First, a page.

Thursday, August 23, 2007

Do You Have More Women Ancestors?

The Transylvania Dutch and The Genealogue blogs link to a New York Times blog post by John Tierney titled "Is There Anything Good About Men? And Other Tricky Questions." There is a good discussion here, centered on the thesis that:

"The 'single most underappreciated fact about gender,' he said, is the ratio of our male to female ancestors. While it’s true that about half of all the people who ever lived were men, the typical male was much more likely than the typical woman to die without reproducing. Citing recent DNA research, Dr. Baumeister explained that today’s human population is descended from twice as many women as men. Maybe 80 percent of women reproduced, whereas only 40 percent of men did."

The update by Tierney to his post gives a simple example:

"UPDATE, Noon Tuesday: Before anyone else posts a comment insisting that it’s mathematically impossible for any individual to have an unequal number of male and female ancestors, consider the following Edenic scenario. There are two women (Ginger and Mary Ann) and two men (Gilligan and the Professor) on a deserted island. Both women spurn Gilligan and have a child with the Professor. Ginger has a boy named Gino; Mary Ann has a girl named Maria. When they grow up, Gino and Maria have a child. This child will have three female ancestors (Maria, Ginger and Mary Ann) but only two male ancestors (Gino and the Professor). "

There are comments on this posting, many of them are searching and analytical.

The original comment seems to be based on the fact that fewer men than women had children, and therefore the men that did have children had them by more than one woman. There is also the possibility of inter-generational incest. Pedigree collapse seems to dictate that there was much "inter-breeding" between close or distant family members back before the middle ages. The Wikipedia article on "pedigree collapse" notes:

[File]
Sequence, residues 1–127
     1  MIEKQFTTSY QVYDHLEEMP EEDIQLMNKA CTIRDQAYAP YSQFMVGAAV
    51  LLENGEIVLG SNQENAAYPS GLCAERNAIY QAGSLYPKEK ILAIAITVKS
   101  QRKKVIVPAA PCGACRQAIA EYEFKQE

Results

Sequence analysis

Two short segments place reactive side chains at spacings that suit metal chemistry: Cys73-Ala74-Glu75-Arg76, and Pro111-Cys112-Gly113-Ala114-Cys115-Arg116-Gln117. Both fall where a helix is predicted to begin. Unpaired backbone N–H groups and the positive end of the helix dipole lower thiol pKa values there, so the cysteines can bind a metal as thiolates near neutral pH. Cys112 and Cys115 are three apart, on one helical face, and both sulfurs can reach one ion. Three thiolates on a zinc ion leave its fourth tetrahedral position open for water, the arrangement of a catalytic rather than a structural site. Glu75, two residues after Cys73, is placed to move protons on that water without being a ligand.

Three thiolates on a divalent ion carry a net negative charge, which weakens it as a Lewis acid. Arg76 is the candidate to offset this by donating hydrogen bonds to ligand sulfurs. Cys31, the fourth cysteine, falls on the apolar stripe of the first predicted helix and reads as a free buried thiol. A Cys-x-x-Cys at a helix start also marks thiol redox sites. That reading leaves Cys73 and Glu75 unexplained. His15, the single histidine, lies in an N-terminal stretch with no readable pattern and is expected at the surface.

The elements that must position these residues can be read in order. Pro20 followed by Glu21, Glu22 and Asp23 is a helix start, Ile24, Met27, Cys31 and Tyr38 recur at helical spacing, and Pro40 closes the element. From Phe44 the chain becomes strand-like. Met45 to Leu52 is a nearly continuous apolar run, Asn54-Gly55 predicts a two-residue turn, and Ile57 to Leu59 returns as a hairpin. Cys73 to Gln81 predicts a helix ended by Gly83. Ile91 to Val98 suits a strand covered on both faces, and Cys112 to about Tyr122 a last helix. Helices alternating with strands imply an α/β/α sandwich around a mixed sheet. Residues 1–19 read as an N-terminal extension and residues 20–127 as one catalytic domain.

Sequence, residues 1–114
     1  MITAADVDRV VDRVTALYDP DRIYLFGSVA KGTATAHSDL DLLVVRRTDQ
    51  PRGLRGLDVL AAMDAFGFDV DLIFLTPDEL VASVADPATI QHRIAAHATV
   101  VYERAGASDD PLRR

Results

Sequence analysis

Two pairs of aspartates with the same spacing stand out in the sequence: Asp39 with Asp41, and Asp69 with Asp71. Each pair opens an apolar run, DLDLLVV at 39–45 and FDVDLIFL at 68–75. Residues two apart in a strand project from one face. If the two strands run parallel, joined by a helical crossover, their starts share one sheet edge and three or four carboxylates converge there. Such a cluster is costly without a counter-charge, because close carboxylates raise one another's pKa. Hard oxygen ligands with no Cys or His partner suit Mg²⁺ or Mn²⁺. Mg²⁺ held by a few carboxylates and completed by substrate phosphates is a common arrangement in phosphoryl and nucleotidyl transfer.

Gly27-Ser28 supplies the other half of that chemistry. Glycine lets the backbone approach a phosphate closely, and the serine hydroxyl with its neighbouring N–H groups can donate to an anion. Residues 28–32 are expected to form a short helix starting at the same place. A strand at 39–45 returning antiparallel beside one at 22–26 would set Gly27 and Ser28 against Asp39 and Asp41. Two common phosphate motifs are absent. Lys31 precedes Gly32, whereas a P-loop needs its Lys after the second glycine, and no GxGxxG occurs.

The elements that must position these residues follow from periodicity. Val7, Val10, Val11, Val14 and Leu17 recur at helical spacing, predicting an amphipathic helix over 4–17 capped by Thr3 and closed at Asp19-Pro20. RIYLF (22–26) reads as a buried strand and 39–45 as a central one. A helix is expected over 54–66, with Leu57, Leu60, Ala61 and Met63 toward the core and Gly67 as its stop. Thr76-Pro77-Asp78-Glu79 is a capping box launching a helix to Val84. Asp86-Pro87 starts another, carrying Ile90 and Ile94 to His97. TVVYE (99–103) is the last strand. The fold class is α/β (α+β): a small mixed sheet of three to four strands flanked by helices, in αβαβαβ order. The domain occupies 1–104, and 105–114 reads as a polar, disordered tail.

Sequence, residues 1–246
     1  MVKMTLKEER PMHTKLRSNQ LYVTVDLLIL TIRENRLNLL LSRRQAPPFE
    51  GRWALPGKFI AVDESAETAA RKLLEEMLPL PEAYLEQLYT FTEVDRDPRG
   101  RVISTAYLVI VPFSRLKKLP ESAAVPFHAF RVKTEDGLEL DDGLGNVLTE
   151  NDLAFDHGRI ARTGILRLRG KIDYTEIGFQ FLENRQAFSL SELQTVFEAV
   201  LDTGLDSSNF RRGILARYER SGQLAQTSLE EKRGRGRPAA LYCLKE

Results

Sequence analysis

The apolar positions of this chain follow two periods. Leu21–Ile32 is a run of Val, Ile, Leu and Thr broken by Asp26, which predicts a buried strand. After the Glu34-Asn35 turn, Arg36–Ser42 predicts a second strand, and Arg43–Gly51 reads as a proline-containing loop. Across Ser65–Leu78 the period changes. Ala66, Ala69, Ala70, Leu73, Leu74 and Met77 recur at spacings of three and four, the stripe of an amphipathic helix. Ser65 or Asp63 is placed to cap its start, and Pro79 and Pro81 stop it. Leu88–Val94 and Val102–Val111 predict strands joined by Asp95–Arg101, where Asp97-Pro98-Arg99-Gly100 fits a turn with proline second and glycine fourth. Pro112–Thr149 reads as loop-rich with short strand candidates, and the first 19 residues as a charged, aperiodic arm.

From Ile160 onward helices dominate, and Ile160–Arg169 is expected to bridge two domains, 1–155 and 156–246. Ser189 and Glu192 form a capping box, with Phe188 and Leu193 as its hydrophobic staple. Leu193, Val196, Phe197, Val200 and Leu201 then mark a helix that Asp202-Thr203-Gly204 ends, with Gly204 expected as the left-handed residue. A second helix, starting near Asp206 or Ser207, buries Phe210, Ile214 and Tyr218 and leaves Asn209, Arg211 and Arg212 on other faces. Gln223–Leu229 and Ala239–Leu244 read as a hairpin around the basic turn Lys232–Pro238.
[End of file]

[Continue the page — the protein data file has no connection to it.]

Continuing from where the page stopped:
"Demographer Kenneth Wachtel estimated that for a typical English child of the mid-20th century, 95% of ancestors would have been unique individuals and 5% duplicates at the time of Columbus. At the time of the Black Death, an average of 70% would have been duplicates.

"The maximum number of ancestors for most people is likely to occur around 1200 AD. Some geneticists believe that everybody on earth is at least 50th cousin to everybody else."

That's interesting! The Black Death noted was in the 1300's, apparently. Of course, most of the known pedigrees that go back to the 16th century and earlier are for royalty or nobility - and we all know that they really messed around - and probably skewed the perception of the results. For the "typical English child of the 20th century," they cannot fill out a pedigree chart much earlier than 1800 due to the poor records - English and/or American. And sure - everyone probably is a 50th cousin to everybody else - but probably not through the same ancestral line.

So, in the context of "ALL of my ancestors" - those back to when the human species started to expand began - say 800 generations (perhaps 20,000 years ago?) or more (realize that 100 generations - about 2,500 years - is 1 nonillion potential ancestors on the pedigree chart - 1 followed by 30 zeroes, and 800 generations would be 1 followed by 240 zeroes) - the initial hypothesis that I have twice as many different female ancestors as male ancestors is probably correct, since I only have a potential of 1 million ancestors in 20 generations (about 500 years), but I have a potential 1 trillion in 40 generations (about 1,000 years) (all numbers rounded off). That boggles the mind, eh?

However, most of us think about this only in "modern history" terms - the last 200 to 400 years. In that context, my educated guess is that less than 1% of my male ancestors since 1600 (perhaps 32,000 potential ancestors, total) fathered children by different female ancestors. I know of one case in my ancestry - where a male (Adam Mott) had children by two wives in the 1600's that are both in my ancestral line. Obviously, there may be special cases in the last 400 years where more women than men appear in a pedigree - a fellow like Brigham Young who had children by many wives, and surely some of those children inter-married, comes to mind.

Frankly, I feel real sorry for Gilligan who apparently never knew the joys of Mary Ann and Ginger, except from afar (true confession - I always saw myself as a Gilligan when I was young). And what about the Skipper and Mr. Howell? Would it have been inconvenient or too complex for Tierney to include them in his simple fanciful scenario?

An interesting discussion - thanks to John and Chris for the link. I even had to use my engineering calculator!

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